What do you feel will be the key issues and challenges affecting the hospitality design industry in the coming years?
Well, I could tell you what everyone else will – technology, globalisation, increase in trend change momentum, economic volatility, redistribution of wealth and influence, social networks etc etc. We all know that. But I feel the biggest shift will be in authenticity. A paradox, but the more instantly gratified, spoilt and fake the world is getting, the more authenticity becomes important. And hospitality is at the forefront of that.
“In human history, we have never congregated this much outside of homes, never travelled as much, never done both for the reasons we do now. The world is changing. And so will hospitality and all it embodies”
It is no longer enough to be a collection of good food, good chairs and good plates. You need to be something, be about something, care about something as a concept, a brand and a business. You need to have a soul that people can connect with. And souls are not created by standards and norms, they are intricately knitted, they are individual. So our industry will need to redefine itself, to be more. We have to. Because the more connected this world becomes, the more important we are as an industry. In human history, we have never congregated this much outside of homes, never travelled as much, never done both for the reasons we do now. The world is changing. And so will hospitality and all it embodies.
Could you talk a little about the hospitality design scene in Russia?
First of all, compared to many countries the industry is very young. However, the pace with which it has developed, and continues to develop is incredible. In 20 years we went from archaical to forefront. There are even several Russian restaurants in the world top 100 ratings, and the level of quality both aesthetically and culinary is world class.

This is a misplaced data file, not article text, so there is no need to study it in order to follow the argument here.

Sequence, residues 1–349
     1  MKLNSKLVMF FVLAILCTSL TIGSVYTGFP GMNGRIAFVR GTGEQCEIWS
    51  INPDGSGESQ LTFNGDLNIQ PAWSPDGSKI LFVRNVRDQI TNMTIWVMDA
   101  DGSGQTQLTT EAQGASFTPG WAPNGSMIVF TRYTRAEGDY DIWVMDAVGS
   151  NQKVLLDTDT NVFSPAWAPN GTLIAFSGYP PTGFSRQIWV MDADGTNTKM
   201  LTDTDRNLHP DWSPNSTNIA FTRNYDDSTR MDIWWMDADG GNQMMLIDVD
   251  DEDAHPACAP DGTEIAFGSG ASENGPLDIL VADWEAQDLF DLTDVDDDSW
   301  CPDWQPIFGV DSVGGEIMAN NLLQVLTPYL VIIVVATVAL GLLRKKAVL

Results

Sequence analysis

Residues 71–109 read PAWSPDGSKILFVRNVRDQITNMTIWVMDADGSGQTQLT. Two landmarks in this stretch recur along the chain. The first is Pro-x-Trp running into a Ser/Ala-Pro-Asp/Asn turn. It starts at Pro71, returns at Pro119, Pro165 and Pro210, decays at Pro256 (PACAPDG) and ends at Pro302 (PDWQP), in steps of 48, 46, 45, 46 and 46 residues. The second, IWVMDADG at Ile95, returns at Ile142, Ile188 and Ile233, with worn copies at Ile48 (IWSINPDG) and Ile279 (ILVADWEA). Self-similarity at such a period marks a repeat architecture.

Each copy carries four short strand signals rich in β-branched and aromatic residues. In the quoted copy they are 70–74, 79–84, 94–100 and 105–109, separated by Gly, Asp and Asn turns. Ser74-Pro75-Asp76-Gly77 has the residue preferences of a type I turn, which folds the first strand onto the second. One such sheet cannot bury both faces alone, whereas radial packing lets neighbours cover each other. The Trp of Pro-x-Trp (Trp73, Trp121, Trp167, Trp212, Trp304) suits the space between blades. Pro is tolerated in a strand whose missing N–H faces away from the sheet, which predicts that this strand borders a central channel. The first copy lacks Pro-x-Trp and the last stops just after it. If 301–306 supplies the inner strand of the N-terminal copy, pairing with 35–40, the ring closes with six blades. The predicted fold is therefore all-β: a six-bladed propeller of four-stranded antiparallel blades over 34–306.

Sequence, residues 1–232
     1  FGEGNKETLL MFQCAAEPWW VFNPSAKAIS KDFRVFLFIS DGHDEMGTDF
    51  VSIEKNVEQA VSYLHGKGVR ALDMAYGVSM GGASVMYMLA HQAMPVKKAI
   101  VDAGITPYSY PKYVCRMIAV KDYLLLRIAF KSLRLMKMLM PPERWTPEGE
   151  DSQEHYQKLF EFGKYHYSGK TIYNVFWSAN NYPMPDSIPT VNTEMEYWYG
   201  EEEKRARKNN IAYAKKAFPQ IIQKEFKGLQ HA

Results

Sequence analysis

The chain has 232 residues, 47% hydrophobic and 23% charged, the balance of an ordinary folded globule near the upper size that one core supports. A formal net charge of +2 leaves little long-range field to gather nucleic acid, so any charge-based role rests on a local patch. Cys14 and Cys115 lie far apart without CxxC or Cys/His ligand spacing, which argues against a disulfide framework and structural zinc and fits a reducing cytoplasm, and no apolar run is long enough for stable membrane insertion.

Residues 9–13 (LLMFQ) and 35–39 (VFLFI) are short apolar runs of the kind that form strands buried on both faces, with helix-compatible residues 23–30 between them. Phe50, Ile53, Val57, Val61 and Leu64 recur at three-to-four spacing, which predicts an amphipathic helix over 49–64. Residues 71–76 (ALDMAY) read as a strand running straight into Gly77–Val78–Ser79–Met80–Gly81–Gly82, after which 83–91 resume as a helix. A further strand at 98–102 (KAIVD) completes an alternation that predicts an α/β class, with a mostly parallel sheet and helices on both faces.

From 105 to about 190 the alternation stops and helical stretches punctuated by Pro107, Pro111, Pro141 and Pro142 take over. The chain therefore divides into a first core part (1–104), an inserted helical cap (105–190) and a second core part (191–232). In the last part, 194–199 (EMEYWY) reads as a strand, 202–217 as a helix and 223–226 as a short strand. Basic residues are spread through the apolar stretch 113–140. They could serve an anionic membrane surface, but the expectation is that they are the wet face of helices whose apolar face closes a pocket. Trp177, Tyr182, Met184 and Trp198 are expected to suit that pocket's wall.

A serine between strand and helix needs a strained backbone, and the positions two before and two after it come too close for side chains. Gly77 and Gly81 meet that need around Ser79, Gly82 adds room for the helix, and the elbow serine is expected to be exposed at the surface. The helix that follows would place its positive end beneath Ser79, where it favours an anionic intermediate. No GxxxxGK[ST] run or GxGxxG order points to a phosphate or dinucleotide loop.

Most people who visit are shocked by this and the service. Of course this is mainly Moscow and St Petersburg, but the last five years we have seen an increasing number of decent projects in other cities and in small neighbouring republics.
The market is dominated by 3-4 large restaurant groups with the largest owning over 200 concepts. I am proud to say we work with all of them. And there are many young and exciting restaurateurs entering the market.
As for hotel industry, it is only recently that we have seen an increase in interest of developing great concepts, investing in quality and individuality. The market has always been dominated by large chains, and unfortunately I cannot say they have done themselves justice in this market. However, the enormous shortage both for rooms and quality is starting to shift the market.
What are you working on at the moment, and have you got any upcoming projects that you’re able to tell us about?
We have been working on a number of large project for the past year that take time. As our focus shifted toward the hotel industry, It has been a different dynamic for us as we are used to having an opening every few months. We have two hotels in developments right now, and one in construction. And of course we are still working on restaurants and bars and have a couple of exciting openings coming up. One of which, I am happy to say, is in Los Angeles, where I now reside half of my time. I love this city and am very excited about starting our work there.
What are your passions outside of the design world?
Hm, sleeping… I am joking, but as a mother and entrepreneur who lives in two countries and travels for work all the time, it is a luxury. I love food, I love the ocean, I love travelling and seeing new things. And for someone who could hold the title as “the least sporty person ever,” I am happy to say I have discovered yoga this year and have started to love working out for the first time. But most of all I love watching my little girl grow and rediscovering the world with her.